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Thanks again Richard - very helpful. I need to fix a fuse in my meter (measuring current from solar panel on wrong setting the other day smiley-wink ) but on a more academic note. As there's no details for this motor so I have no idea what it's specs are other than it's 6v as it's marked on it would the best way to measure it's current draw be to use something like my 9v battery through a potentiometer to the motor then using the meter measure it's current draw as I turn down the resistance (technically I guess I'll need 2 meters so I can measure the voltage and current at the same time) - that should give me the stall current and then it's max load as well yes?

Technically at that point I could choose the *right* transistor to go with it and my arduino so they are properly matched and know the right resistor to put into it.

Cheers
ajfisher
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One other thing I've noticed with these transistors is that on the data sheet you are looking at something like a 100-800x gain and using my meter I can see the one I'm holding has a gain of 332x (I'm assuming that's what I'm measuring). To me it looks like that is a surprising amount of range but a very specific value off the meter.

I guess this leads me to ask the following:

1. Can I control the amount of gain actually achieved by the transistor (I suppose I can directly through the amount of current passed in or not but I'm more asking about the transistor itself not it's input)?

2. Assuming I can't do (1), do I then assume my gain is going to be 332x with this transistor specifically and then do my calculations from this? If that's the case if I have to change the transistor for some reason do I then need to recalculate the input resistor value again as well so I'm supplying the right current into the new transistor?

Apologies for all the questions - I haven't used transistors before so they are quite new in my thinking and understanding how they all work.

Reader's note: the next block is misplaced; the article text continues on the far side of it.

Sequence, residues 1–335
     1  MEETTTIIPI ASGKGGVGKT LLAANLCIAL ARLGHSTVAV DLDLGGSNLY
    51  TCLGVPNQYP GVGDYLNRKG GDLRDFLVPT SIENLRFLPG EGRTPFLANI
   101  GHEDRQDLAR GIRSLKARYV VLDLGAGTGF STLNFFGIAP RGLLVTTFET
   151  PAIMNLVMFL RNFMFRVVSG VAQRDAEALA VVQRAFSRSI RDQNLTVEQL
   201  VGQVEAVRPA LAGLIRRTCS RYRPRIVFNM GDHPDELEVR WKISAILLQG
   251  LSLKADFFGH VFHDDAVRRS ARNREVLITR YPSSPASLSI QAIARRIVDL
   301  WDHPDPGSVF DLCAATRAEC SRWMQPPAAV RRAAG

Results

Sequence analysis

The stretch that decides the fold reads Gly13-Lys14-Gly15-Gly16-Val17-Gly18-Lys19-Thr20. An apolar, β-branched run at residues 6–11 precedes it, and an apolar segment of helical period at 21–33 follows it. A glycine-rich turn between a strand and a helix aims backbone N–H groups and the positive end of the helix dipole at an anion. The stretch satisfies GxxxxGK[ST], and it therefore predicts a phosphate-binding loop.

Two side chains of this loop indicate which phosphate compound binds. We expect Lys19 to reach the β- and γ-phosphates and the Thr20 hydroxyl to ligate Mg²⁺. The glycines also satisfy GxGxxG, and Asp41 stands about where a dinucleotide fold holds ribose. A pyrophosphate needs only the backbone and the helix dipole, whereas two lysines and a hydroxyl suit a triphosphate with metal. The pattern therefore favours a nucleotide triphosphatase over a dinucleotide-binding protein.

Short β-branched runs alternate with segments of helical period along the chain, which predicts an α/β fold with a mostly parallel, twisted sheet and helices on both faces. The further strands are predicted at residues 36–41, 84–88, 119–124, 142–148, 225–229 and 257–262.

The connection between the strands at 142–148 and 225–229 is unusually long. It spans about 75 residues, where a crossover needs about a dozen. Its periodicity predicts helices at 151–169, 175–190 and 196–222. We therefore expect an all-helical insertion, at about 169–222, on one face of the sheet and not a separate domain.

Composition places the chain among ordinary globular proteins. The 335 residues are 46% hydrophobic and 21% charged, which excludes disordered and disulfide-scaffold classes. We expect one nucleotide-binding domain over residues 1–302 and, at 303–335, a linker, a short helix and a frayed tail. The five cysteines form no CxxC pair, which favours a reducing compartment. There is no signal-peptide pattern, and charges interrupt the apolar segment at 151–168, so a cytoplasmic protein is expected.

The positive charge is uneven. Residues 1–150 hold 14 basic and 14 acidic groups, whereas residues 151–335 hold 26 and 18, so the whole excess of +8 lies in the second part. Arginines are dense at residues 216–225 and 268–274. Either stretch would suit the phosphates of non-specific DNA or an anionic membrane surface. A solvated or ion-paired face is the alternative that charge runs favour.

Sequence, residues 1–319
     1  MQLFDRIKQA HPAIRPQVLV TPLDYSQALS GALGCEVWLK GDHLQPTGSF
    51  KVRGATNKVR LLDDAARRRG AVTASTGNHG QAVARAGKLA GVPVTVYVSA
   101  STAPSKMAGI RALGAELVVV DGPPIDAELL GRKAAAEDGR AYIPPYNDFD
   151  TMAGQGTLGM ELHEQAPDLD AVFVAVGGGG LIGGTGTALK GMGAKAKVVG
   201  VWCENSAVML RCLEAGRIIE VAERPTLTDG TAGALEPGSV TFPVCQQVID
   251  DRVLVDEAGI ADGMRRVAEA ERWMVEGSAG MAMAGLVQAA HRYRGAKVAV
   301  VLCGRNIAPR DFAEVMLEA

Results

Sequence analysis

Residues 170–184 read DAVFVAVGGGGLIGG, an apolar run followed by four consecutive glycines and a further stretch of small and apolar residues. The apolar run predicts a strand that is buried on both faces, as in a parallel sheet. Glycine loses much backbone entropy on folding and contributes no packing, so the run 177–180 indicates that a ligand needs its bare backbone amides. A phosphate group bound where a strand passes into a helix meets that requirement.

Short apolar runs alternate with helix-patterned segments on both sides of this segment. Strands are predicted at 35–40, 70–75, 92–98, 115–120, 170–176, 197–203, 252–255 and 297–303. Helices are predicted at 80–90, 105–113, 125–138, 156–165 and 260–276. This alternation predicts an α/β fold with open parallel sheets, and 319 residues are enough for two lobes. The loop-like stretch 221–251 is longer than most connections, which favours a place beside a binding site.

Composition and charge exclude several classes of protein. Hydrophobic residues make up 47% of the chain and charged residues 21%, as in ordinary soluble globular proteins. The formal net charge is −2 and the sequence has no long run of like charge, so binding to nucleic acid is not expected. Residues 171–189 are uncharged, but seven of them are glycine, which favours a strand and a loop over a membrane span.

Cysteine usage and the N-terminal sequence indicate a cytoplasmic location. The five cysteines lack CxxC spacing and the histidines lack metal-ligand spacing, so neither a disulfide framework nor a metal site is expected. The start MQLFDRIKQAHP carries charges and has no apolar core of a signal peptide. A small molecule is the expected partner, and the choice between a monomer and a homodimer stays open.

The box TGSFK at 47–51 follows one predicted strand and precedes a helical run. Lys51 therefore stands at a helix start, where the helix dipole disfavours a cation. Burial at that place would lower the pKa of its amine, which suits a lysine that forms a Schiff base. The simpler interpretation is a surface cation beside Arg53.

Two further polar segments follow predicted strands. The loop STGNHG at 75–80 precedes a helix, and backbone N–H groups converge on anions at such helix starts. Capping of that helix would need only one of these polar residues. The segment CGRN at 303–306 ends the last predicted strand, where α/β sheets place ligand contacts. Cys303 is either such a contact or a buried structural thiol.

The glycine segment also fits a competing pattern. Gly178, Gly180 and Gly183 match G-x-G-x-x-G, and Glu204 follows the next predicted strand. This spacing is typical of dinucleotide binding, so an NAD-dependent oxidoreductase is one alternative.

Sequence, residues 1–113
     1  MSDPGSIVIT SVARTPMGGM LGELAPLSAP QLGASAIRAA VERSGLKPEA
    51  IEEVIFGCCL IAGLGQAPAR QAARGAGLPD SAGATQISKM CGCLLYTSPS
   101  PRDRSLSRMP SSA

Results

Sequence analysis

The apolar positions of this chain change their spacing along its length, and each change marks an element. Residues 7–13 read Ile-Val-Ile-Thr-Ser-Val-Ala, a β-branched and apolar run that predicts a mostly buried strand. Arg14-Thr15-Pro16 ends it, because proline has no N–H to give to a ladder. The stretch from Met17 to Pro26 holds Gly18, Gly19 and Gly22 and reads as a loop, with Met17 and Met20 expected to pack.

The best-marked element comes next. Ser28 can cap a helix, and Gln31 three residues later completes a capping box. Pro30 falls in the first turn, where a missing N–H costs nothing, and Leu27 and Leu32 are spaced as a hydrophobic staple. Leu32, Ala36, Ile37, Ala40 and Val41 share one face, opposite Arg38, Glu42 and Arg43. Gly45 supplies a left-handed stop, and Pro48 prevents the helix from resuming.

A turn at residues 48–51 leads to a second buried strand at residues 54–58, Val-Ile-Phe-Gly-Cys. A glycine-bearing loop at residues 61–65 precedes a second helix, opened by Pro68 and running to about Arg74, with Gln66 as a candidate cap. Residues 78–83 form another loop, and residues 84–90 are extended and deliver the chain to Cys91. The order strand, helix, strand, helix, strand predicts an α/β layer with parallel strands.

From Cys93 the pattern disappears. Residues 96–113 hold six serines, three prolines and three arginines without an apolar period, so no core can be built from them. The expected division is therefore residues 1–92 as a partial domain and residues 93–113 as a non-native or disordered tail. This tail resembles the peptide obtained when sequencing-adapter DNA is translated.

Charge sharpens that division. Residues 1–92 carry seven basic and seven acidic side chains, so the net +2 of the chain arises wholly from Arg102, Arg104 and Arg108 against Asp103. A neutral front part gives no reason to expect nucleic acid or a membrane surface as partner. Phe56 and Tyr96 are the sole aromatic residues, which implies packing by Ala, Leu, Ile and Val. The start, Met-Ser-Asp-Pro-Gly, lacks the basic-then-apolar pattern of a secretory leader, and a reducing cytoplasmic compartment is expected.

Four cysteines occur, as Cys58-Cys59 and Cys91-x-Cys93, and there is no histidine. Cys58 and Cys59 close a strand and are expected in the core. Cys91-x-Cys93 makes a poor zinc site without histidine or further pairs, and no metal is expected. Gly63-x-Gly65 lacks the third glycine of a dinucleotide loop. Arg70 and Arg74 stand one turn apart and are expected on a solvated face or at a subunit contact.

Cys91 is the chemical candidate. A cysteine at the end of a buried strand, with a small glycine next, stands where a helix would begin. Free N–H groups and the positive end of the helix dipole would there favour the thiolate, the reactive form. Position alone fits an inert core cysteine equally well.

Cheers
Andrew
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One other thing I've noticed with these transistors is that on the data sheet you are looking at something like a 100-800x gain and using my meter I can see the one I'm holding has a gain of 332x (I'm assuming that's what I'm measuring). To me it looks like that is a surprising amount of range but a very specific value off the meter.

I guess this leads me to ask the following:

1. Can I control the amount of gain actually achieved by the transistor (I suppose I can directly through the amount of current passed in or not but I'm more asking about the transistor itself not it's input)?
The most usual way to use transistors is to have a feedback resistor. With that, the gain of the circuit is determined by the ratio of the feedback resistor to the load resistor and is independent of the gain of the transistor.  Variations in gain then don't matter. It's too complicated to explain briefly but some googling will get you circuit examples.
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Hi Richard,

Thanks again for a really concise yet thorough answer. I feel like I have a much better grip on this now than I did yesterday after hours of googling that was going nowhere. Now I know what to expect from the component I can do some more playing and see what I can come up with smiley-wink

Cheers
ajfisher